I visited this place by chance, and I fell head-over-heels in love with the potential of this building. My wife likes the city very much, and especially this feeling of a house with land. She feels safer, more comfortable. And then there are many amenities all around. It is still a place where we have space – because of the way it is organised. It took us a long time to do the work because we demolished and rebuilt everything, but we feel so good, and we are happy to be in the city.
In decoration as in fashion, do you have a very special choice of materials and colours at home?
Certainly, yes. The materials and the colours are really meticulously thought out. There’s a lot of wood, resin, concrete. Modern materials combined with the original elements of the building. We imagined the space as a cocoon in which we could walk barefoot, without lots of obstacles and with a warm atmosphere that is enhanced by lighting chosen to enhance the natural light. We have a lot of windows that let it flood in, it changes everything in the house.
What inspires you every day?
I’m quite observant, so what inspires me is seeing how people behave and evolve. Today, the international and the omni-channel context that we have developed feed me the company’s results. Depending on the markets and distribution channels (outlets, stands, shops in France, export, web, etc.) this helps me to better analyse and understand customer behaviour. Just these figures – which I look at and interrogate – are extremely important to me. When I’m looking at them, I project myself and try to understand the different desires at each moment of a person’s life. This means that our collections must be adapted to the long-term and not to fast-fashion. As a result, we try to work with durable products and a timeless style, fashion above all, faithful to the brand’s values. But let’s not forget that as businesspeople who love entrepreneurship, we must innovate and reinvent ourselves every week, every season.
Is there a woman or a man who has made you want to start an enterprise and whose philosophy you share?
When I first started out I didn’t have a mentor. But I had someone who pushed me to move forward by making me realise that I could create my own company using what I brought to my employer on a daily basis. It was a member of my family who taught me not to be afraid, to try. The model I really like is Mr Ortega, from Inditex. I think he is an example at all levels, in terms of people, development, business and what he has brought to society around the world through stores and a product that has allowed people to make people more beautiful. It’s ultra-social, strong as a message. Because before that, fashion was addressed to wealthy people. He succeeded in democratising it by making it accessible. His business model is an example because there are no limits. Not in terms of geographical development, nor in terms of brand universe segmentation because it affects everyone. It gives you the faith to say that it is possible. That there are companies that manage to create added value and wealth. Amancio Ortega allowed a person who works and has an average life to enter beautiful shops with products inspired by great designers. Which means that we don’t have to go into luxury to feel that we exist, and that’s huge. It pulls everyone up. This gentleman must have real values, a desire for challenge, for continual evolution. And that speaks to me.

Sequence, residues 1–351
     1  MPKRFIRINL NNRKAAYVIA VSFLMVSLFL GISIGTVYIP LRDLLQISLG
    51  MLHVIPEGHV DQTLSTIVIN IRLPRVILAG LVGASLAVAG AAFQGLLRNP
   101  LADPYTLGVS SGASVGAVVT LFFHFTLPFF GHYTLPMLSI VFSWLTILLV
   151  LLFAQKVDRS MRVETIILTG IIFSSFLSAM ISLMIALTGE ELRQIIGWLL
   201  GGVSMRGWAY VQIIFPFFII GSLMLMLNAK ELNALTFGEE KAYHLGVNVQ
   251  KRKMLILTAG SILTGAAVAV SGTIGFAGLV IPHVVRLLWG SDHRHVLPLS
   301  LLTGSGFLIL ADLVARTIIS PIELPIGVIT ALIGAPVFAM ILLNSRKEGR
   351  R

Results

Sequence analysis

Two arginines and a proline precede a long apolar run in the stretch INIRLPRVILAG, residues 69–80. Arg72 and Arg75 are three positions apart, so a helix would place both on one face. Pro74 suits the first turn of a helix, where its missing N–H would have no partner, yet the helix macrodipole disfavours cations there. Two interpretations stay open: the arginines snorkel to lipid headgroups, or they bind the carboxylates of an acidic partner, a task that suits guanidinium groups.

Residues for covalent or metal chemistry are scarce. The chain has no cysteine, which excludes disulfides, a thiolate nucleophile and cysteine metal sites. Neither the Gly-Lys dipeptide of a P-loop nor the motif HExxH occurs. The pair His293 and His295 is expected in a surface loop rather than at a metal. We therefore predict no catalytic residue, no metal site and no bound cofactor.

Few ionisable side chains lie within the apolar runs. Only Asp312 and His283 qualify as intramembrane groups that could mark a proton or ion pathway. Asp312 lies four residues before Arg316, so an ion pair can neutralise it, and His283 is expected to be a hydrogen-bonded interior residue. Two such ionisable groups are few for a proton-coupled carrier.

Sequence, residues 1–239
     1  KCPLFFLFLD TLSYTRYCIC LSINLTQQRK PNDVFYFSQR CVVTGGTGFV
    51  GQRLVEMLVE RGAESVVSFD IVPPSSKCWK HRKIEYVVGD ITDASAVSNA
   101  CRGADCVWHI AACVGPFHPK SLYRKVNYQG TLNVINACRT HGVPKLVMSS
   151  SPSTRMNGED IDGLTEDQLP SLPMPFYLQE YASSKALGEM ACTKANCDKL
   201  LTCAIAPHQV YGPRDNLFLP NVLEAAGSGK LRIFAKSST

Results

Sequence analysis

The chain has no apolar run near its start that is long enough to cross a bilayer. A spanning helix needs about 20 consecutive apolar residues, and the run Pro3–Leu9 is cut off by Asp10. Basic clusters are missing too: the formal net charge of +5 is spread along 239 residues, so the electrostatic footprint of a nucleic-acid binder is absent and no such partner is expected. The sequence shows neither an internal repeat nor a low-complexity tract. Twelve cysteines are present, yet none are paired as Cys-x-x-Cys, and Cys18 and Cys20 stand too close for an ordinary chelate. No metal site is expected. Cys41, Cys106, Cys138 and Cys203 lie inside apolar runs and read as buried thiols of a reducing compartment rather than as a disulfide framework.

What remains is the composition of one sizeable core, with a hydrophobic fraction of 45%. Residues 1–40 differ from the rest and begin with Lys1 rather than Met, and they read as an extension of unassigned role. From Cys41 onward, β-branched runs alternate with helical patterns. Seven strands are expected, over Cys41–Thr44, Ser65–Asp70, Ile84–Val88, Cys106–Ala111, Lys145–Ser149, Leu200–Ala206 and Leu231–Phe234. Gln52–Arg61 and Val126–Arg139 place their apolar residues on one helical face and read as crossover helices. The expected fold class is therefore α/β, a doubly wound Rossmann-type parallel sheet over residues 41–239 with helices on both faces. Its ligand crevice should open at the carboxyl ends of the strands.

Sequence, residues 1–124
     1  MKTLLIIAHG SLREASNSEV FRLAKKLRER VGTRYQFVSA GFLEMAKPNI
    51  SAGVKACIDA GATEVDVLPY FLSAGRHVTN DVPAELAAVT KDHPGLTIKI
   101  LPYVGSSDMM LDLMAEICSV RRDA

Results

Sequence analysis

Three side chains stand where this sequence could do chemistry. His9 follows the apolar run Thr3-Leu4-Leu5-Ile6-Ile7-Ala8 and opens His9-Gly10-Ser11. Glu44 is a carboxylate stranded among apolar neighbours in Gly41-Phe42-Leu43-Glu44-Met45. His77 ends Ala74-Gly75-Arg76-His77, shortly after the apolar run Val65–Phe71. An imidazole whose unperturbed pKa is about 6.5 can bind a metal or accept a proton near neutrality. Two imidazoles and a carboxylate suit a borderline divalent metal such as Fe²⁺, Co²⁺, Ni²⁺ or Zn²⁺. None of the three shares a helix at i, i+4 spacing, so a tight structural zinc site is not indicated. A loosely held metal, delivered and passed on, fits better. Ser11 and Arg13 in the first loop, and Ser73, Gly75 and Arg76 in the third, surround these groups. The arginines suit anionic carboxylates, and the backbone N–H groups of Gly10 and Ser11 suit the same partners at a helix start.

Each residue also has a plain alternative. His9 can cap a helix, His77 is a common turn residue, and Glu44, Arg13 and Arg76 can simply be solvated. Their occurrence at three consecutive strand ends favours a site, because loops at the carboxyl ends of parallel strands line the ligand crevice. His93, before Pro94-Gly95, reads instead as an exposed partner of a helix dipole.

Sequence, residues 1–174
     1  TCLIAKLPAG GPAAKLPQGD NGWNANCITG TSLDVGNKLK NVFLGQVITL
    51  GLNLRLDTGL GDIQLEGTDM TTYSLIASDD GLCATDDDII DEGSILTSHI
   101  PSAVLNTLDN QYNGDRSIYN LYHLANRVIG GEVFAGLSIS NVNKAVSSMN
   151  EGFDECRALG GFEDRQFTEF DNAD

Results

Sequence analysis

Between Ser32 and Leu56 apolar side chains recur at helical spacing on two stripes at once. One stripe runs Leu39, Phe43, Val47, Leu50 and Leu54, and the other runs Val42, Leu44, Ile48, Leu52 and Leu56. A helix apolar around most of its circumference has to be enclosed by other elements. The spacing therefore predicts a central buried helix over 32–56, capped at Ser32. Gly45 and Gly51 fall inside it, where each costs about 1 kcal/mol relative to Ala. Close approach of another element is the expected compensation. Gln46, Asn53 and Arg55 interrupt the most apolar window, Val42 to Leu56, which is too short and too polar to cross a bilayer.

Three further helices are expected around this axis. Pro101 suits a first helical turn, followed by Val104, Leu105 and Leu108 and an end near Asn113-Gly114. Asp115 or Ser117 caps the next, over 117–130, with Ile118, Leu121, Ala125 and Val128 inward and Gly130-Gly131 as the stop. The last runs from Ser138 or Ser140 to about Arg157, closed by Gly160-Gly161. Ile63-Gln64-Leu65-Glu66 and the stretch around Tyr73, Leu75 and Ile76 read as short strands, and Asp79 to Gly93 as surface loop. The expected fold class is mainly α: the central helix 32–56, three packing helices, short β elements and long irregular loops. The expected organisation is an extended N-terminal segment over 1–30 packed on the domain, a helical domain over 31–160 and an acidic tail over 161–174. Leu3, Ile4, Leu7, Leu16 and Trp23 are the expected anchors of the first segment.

Tell us about the latest news from American Vintage. What have you got in store for us?
There is the university campus that will allow us to work on the employer brand to be able to better recruit and strengthen our point-of-sale teams in the future. It is an important subject because the idea is to have proper training programmes to help everyone grow. I would like people to be able to say that you can come to American Vintage with a certain background and that you can change and evolve during your experience with us. It is our duty. We know that they will not stay at American Vintage for the rest of their lives, but if we can have a brand label that has successfully participated in the development of young people so that they can be free to work anywhere, anytime, that will be a success for me, because we will have a better world.
We imagined the space as a cocoon in which we could walk barefoot, without lots of obstacles and with a warm atmosphere that is enhanced by natural light.
Photography: Eve Campestrini – Text: Caroline Balvay @thesocialitefamily
In collaboration with American Vintage